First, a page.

Watching Marilyn in Niagara the other night, I was surprised to see her sneering (not as much as I thought, I realized, when I went back to photograph the frames, but still, it is there). Of course, she is playing a femme fatale in a pulpy noir, but there was something about it that spoke to me of the rebel Fifties. Sneering in contempt for the conformity of a fear-baiting mainstream that created or supported the blacklist mentality of McCarthy. Popping the conservative bubble — especially with that molten sexuality, pulsating off the screen in those ridiculous hallucinatory mid-century Technicolors.
That was a movie star.
The great film director passed away on April 2nd. I watched the great Thieves’ Highway last night, a noirish drama set in the world of wildcat produce truckers in the 1940s. This guy Rick comes home, maybe from the war? He’s got presents from around the world for his fiancee, who is a bit bitchy, his mom, and his dad — who has lost his legs! Turns out his dad is a trucker who was taken by this San Francisco produce trader who never paid him and may have taken his legs in a faked accident.
Kid wants revenge, makes dad tell him where the truck is, who has it. Some crusty geezer has it, also has a line in on a crop of apples, golden delicious, first of the season, big money. Two other crafty buffoons want in, they have a newer truck, geezer thinks they will roll him. Everyone is sleazy, except our Rick, he’s honest. I liked him for that, I could root for him. But it was also unnerving, he kept making the wrong decision, kept assuming other people were operating from a moral place. Ha!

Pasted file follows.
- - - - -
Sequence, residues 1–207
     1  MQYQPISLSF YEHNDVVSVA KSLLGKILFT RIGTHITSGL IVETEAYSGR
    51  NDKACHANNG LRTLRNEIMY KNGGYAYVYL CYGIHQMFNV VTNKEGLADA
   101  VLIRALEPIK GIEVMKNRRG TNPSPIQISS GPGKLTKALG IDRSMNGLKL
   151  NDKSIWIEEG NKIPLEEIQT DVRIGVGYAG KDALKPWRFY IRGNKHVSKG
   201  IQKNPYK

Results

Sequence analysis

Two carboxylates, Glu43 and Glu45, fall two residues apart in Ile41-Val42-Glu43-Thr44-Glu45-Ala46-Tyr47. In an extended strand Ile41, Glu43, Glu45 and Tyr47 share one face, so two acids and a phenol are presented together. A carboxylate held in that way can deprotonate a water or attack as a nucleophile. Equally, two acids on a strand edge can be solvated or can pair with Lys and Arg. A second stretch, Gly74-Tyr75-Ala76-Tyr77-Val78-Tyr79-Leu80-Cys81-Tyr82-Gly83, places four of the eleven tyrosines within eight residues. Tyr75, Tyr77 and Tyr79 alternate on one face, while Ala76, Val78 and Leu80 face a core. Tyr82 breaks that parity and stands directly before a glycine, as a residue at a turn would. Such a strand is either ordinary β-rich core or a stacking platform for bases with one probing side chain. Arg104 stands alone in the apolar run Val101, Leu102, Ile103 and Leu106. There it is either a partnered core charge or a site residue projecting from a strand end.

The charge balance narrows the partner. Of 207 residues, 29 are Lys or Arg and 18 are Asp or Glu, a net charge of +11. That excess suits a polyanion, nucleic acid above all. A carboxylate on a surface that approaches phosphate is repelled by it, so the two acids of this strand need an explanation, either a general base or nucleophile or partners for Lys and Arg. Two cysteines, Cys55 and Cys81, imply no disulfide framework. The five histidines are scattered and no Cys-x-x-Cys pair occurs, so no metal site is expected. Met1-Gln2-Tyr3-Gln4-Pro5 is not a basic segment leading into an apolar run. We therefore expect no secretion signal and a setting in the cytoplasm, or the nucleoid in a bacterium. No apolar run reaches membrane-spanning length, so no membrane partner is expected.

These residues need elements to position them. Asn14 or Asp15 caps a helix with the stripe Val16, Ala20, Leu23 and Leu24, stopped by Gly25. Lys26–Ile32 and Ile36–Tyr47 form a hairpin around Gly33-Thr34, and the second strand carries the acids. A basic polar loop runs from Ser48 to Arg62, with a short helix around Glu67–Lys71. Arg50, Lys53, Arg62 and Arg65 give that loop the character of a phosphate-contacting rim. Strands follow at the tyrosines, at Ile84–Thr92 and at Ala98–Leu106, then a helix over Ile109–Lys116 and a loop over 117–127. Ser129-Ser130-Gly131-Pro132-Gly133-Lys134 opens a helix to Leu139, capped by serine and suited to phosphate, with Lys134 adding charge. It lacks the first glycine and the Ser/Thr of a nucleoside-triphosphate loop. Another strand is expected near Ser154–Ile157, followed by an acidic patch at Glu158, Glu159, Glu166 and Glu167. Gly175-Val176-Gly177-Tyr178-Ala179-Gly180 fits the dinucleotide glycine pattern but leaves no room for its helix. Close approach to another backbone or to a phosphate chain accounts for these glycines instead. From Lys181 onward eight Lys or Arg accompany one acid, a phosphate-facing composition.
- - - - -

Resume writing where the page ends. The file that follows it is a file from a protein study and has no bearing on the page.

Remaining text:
It was a world of petty thieves and murderers, everyone scamming everyone on every rung of the market, every plug in the system: orchard, trucker, buyer. Everyone’s getting taken, just by how much and by who. Life is cheap for them, easy come, easy go. The guy he is going to get revenge on – it is a little weird here. Rick has a great crop, why not just make really good money and get even some other way? But he decides he wants to deal with shady, and his tires get slashed, a hooker is hired to hoodwink him, they try to steal his crop. The geezer partner, in a very dramatic scene, is burnt alive when his truck flies off the highway. Awful stuff, best shot is the apples coming down the hill.
The film has an awkward ending. He busts up the evil guy and then the police come in and say, “If things are wrong, call the police, don’t take matters into your own hands.” Then Rick goes and finds the prostitute and they drive off together in his truck to get married! Thankfully I watched the DVD extras with an interview with Dassin, as this hokum proved to be the idea of Daryl Zanuck, the studio head. What are you going to do? They even shot it while Dassin was out of town. But “There’s good work in it,” Dassin says, and he is right.
My favorite line was the hooker that is hired to get Rick off the streets so the villainous produce dealer can steal his load of golden delicious apples while he is passed out after driving 40 hours straight. He tells the hooker she has a face like cut glass.
“How do you feel inside when you look like glass?”